Water Quality Monitor – Our water quality monitor is inline and gives the total dissolved solids of the water exiting all the membranes.  We purchased this quality monitor from Wateranywhere.  It is a Dual Total Dissolved Solids Meter (Dual TDS) made by HM Digital, part number DM-1 at about $30.  You could use something similar, like an SM-1 which is $25.  Or you could use a hand held meter, but we wanted ours inline, and the price is not that much different.

Flow Meter – Our flow meter shows how many gallons of product water are flowing out of the membranes.  We did not put a meter on the flow of the brine water.  Ours is a panel mount flow meter made by King Instrument Company that shows up to 75 GPH.  We purchased it from McMaster Carr for about $58.  You can select Part #4351K121, and then you must choose the flow rate to suit the system you are building.  A meter with a smaller flow rate could be used for a one or two membrane system.

Coconut Charcoal Filters – You will need a filter fit for removing chlorine from your tank water for the flushing of the pressure pump and the membranes.  It is prudent to always assume that chlorinated water has made its way into and resides in your tanks.  We use a coconut charcoal filter purchased from the same place as our other filters, US Water Systems.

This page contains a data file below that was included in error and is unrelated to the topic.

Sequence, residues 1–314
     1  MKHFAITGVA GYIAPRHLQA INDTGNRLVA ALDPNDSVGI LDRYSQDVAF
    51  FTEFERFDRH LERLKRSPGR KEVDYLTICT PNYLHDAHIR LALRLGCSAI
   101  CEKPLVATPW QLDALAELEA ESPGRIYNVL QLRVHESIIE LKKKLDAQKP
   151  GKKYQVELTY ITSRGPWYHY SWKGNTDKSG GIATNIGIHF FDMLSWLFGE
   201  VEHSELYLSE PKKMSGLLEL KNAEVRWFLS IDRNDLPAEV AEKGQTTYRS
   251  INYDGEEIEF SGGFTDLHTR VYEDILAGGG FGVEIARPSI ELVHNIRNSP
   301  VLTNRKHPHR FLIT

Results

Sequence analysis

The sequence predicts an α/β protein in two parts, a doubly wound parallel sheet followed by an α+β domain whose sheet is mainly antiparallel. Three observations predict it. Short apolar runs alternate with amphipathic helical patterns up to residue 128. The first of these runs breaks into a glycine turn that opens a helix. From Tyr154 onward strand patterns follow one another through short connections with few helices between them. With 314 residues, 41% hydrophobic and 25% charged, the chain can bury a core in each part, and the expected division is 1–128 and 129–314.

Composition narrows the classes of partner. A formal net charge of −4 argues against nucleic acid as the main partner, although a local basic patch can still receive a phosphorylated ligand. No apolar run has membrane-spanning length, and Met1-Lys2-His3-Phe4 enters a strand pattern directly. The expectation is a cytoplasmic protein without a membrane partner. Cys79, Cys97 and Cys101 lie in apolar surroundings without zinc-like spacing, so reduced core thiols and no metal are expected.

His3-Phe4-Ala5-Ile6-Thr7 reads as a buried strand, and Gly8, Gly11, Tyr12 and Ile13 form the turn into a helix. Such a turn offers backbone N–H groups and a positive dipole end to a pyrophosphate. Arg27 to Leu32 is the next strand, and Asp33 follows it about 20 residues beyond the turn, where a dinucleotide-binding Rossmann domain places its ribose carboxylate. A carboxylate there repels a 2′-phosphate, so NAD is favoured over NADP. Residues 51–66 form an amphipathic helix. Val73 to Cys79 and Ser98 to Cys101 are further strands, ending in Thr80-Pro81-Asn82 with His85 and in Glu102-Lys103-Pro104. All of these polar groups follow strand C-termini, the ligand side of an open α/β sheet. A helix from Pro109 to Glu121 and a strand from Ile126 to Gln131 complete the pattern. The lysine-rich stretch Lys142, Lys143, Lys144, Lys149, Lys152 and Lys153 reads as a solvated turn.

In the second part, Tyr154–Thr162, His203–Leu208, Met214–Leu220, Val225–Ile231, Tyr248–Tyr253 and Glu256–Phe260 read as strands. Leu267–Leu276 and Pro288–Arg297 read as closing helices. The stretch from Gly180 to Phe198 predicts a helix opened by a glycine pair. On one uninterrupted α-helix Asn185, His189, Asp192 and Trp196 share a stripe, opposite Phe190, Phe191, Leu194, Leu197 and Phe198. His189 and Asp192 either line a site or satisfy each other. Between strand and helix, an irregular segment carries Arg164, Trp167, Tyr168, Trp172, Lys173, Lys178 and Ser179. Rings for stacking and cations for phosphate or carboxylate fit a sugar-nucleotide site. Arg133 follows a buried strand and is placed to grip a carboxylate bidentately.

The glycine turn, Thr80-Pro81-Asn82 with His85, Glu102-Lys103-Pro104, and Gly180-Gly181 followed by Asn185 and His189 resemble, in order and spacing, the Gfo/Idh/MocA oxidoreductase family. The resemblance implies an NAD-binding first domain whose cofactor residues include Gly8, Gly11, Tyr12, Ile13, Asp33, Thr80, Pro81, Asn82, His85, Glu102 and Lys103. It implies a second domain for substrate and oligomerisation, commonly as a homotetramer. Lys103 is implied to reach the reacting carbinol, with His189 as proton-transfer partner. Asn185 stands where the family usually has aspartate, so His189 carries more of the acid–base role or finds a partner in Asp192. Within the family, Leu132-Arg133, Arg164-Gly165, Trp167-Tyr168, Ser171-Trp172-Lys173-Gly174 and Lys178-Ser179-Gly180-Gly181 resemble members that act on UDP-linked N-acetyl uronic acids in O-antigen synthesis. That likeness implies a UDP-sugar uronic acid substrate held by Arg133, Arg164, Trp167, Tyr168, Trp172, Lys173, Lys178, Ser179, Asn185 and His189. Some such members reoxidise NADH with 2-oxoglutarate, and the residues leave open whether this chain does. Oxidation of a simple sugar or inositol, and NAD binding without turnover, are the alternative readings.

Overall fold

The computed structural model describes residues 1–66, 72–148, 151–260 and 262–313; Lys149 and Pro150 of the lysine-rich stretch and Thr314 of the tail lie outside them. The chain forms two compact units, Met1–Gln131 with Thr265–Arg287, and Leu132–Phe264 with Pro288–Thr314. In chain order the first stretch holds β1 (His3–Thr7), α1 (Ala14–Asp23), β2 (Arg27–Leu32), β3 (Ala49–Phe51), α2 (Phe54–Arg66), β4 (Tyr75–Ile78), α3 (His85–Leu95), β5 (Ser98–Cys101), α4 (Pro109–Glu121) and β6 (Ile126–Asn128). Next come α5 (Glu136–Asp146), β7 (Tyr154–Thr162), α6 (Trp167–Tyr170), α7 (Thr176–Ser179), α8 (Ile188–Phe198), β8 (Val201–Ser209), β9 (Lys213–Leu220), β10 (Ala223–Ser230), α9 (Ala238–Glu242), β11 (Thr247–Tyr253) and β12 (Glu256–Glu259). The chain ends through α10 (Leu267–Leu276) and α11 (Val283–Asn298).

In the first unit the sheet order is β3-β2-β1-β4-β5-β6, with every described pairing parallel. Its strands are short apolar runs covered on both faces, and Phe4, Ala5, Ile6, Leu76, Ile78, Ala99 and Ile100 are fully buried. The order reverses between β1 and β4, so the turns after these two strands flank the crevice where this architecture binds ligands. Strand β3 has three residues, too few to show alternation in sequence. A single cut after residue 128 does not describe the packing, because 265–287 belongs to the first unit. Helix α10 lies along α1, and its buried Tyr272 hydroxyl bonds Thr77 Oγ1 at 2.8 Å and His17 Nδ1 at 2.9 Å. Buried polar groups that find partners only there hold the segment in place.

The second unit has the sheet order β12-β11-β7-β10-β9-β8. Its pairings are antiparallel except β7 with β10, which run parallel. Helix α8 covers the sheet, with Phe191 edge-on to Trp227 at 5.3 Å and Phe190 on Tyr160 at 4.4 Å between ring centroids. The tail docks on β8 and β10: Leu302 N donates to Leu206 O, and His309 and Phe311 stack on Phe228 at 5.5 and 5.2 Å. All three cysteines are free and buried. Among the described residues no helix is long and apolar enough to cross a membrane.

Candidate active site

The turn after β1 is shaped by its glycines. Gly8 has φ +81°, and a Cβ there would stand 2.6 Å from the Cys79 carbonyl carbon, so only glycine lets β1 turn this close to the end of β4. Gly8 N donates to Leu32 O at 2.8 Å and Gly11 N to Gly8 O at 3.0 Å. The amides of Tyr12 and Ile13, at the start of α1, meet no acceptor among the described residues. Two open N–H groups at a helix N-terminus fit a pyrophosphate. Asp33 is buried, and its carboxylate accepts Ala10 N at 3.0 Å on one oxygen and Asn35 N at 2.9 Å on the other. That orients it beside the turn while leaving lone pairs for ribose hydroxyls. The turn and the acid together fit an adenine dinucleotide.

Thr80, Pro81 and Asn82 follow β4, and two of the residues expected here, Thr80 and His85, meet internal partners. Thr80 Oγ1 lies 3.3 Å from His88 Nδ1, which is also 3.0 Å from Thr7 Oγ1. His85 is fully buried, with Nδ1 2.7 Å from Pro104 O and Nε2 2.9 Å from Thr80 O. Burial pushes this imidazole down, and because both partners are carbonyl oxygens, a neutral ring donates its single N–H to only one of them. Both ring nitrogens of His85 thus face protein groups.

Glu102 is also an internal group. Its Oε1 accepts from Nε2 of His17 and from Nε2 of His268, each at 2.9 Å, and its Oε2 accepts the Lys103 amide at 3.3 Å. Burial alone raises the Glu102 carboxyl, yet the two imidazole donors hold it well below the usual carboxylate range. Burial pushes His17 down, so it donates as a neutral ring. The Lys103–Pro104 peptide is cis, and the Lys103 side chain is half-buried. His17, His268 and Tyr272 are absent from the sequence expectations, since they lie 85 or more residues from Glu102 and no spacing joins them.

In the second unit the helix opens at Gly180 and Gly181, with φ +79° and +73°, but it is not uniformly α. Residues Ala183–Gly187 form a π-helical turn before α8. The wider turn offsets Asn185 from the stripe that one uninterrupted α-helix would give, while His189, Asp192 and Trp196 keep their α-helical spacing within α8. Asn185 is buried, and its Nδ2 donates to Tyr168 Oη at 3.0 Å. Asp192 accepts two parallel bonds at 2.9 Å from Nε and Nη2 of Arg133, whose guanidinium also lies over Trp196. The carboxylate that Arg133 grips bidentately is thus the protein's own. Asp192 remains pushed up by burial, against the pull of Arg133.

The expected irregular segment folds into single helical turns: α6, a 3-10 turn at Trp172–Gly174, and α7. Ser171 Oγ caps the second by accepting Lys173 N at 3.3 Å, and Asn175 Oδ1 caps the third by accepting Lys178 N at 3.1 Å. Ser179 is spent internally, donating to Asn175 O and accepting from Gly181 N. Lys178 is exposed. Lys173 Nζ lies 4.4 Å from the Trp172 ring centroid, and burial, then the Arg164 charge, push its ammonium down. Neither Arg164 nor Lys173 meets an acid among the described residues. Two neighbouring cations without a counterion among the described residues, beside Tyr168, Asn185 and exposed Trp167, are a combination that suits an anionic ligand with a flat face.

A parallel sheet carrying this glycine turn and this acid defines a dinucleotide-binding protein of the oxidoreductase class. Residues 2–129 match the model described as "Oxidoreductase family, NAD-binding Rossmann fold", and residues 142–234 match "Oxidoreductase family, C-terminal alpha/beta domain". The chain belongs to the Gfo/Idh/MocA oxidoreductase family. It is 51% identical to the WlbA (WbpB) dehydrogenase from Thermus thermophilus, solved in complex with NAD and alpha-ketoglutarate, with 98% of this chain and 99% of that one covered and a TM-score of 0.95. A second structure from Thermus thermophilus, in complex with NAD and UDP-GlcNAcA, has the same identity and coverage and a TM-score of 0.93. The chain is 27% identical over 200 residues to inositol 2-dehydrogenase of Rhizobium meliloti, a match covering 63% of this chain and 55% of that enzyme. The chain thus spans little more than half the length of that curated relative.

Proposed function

Start Up – As mentioned earlier, before start up of the engine, the belt is put on the high pressure pump and the feeder pump is turned on.  We check to make sure the feeder pump is working water through the system by confirming that water is flowing out the brine through-hole and that there are no air bubbles.  The portion of the system that feeds water to the high pressure pump is visually observed for leaks.  Once the engine is started and engine specs check out normal, the RPM is brought up to 1,300 or just below.  The high pressure pump is designed to run at 2,800 RPM, therefore we sized the pulley on the high pressure pump so that the RPM on the Lehman would be 1,300 RPM, a good motoring speed for Hold Fast, which would run the high pressure pump at 2,800 RPM.  This 1,300 RPM represents the top end limit for motoring when we are making water.

Applying Pressure – By turning in the needle valve, pressure is increased to the membranes.  Dow recommends you take 60 seconds to bring the membranes up to operating pressure.  If you are using your membranes for the first time, you should consider taking two minutes.  Operating pressure for us depends upon the salinity of the water.  We bring it up to make 50 gallons an hour and let it stabilize for about 10 seconds, making sure the pressure on the guage never goes over 1,000 PSI.  Normally the pressure is 750 to 800 PSI.  Once stabilized, the needle valve is again turned in until we get 55 to 60 gallons per hour and that is normally at 800 PSI.  If we only had one membrane, the rate would be about 24 GPH, and if we had two membranes, the rate would be about 40 to 42 GPH.